Sustainability is a top concern for many corporations, investors, employees and customers. And that makes it a top concern for Moody’s as a company of credit and enterprise risk analysts and as a corporate citizen of the world.
The reality is, though, that the three facets of sustainability — environmental, social and governance, or ESG — aren’t new to Moody’s at all. Our analysts have always looked at all relevant risks to a sector or individual company.
What’s different today is that there is more focus on environmental, social and governance standards and increasing concerns about environmental risks. There is also more interest in how ESG factors affect creditworthiness. In response, Moody’s Investors Service launched the ESG Initiative to give the global financial community a thorough look at how ESG factors impact financial markets.
One of the hottest topics today is climate change. There is a growing body of scientific evidence linking carbon emissions and global warming. To avoid disaster, scientists say that we must transition to a low-carbon economy. The Paris Agreement from December 2015, in which 195 countries agreed to a global action plan intended to limit global warming to well below 2°C, is expected to result in more rules and regulations aimed at reducing greenhouse gas emissions (GHG). For corporations, that means increasing pressure to disclose their climate-related risks and how they are mitigating them.
What does that mean for Moody’s? Institutional investors want to know how ESG factors, including climate-related risks, are being considered in a company’s credit rating. Moody’s has responded by publicly addressing the relationship between creditworthiness and climate-related risks.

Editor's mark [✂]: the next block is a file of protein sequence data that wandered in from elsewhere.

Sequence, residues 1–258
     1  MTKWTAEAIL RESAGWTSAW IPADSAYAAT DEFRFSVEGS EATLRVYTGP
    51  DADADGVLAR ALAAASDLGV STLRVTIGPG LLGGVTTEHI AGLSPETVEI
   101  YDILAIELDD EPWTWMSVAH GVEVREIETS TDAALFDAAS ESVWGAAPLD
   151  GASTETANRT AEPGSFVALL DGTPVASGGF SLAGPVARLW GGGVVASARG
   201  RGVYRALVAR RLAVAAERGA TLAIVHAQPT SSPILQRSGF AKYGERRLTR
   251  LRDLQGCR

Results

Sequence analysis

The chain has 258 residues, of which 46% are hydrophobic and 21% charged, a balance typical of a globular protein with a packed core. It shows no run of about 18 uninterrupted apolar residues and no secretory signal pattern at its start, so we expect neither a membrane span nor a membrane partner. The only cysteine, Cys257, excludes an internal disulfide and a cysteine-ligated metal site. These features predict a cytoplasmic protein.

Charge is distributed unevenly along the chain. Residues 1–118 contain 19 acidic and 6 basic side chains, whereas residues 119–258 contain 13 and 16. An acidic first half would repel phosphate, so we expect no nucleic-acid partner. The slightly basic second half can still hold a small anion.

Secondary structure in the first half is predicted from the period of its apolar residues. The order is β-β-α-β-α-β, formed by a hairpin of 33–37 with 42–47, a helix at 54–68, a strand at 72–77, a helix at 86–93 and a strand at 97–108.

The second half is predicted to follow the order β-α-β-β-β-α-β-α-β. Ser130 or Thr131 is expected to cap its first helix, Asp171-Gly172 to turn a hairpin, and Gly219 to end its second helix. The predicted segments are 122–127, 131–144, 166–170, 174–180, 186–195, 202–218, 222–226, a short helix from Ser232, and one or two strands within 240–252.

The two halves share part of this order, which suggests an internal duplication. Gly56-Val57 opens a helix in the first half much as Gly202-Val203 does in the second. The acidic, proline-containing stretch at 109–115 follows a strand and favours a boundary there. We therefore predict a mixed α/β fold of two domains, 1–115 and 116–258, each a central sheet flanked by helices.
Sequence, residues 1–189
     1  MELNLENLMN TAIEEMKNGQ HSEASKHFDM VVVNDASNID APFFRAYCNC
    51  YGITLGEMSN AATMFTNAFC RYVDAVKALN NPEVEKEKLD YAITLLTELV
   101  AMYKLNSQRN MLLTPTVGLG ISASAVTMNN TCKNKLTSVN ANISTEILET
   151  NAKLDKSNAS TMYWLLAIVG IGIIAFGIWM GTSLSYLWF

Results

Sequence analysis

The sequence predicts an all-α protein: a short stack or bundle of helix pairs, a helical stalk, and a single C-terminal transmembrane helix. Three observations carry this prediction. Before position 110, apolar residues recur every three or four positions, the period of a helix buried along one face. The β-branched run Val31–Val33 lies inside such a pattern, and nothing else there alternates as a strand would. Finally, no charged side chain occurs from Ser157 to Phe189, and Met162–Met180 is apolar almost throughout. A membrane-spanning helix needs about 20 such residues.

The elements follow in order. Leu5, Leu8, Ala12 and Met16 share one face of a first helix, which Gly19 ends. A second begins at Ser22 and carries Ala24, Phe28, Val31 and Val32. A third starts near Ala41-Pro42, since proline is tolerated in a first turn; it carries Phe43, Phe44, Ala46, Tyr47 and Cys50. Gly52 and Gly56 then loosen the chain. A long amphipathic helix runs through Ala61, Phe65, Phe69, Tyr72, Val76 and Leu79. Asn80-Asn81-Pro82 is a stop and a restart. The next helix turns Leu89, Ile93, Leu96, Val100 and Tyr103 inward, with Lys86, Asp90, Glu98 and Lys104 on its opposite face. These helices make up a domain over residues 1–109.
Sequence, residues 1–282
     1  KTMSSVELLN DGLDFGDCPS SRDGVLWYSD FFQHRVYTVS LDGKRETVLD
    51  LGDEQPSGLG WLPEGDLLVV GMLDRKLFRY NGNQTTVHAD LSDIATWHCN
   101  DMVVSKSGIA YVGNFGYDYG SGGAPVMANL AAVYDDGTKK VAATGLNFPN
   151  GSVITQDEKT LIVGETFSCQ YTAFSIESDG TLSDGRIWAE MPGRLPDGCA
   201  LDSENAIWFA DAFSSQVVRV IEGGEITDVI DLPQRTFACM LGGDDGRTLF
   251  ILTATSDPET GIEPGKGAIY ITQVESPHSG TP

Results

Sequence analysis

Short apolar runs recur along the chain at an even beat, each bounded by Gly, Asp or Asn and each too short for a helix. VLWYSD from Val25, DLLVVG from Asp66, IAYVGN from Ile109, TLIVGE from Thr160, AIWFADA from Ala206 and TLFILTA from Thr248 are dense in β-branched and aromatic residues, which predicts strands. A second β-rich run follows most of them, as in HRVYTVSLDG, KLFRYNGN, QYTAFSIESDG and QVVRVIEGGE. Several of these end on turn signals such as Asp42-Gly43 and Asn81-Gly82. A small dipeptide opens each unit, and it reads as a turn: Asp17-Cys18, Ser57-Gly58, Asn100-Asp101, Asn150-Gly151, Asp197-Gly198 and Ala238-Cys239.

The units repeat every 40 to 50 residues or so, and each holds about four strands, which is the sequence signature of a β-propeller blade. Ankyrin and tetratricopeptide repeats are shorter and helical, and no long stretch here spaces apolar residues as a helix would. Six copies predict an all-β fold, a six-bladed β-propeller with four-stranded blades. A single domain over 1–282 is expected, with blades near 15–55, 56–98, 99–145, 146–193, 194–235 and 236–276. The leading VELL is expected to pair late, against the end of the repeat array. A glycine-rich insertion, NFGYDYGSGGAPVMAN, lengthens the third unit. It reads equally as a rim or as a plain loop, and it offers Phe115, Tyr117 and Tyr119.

Why do investors care about climate change? Because in a low-carbon, sustainable energy world, not all companies will be able to adapt. Moody’s takes a macro and micro look at the issue. Sector research identifies the challenges inherent to an industry; credit ratings examine how an individual company’s response to those challenges affects its ability to repay its debt.
For example, in the coal sector, a company with a solid strategy to diversify into alterative energy might have a different credit rating than one without such a strategy.
Most of the 86 sectors scored consistently low across the five subcategories of environmental risk: air pollution; soil/water pollution and land use restrictions; carbon regulations; water shortages; and natural and man-made disasters. Carbon regulations and air pollution were the most frequently cited risks in sectors with higher risk overall.
Because of its expertise in evaluating creditworthiness, Moody’s was invited to join the Task Force on Climate-Related Financial Disclosures, a group organized by the Financial Stability Board, an international body that monitors the global financial system. The task force is a multinational effort to set standards to help lenders, insurers, investors and regulators make better decisions.
The international task force, led by entrepreneur and philanthropist Michael Bloomberg, issued its recommendations for public comment in December 2016. See the task force’s report »
In 2016, MIS introduced its Green Bond Assessment, which provides a consistent, standardized and transparent way to evaluate a Green Bond on its ability to deliver on its environmental promise.
A Green Bond is a fixed-income security that funds projects with specific climate or environmental sustainability purposes. Other than that, it is like any other bond. The credit rating for a Green Bond is determined in the same way as one meant for another purpose, while the Green Bond Assessment is a separate service that measures factors that are different altogether.
Bonds are assessed from GB1 — excellent — to GB5 — poor. The Green Bond Assessment reflects Moody’s opinion on five broad factors, including use of proceeds, ongoing reporting, organization, management of proceeds and disclosure on use of proceeds.
The City of Gothenburg, Sweden, has been issuing Green Bonds since 2013. In 2016 Moody’s, which already performs credit ratings for the city, approached Magnus about having the city’s next Green Bond assessed.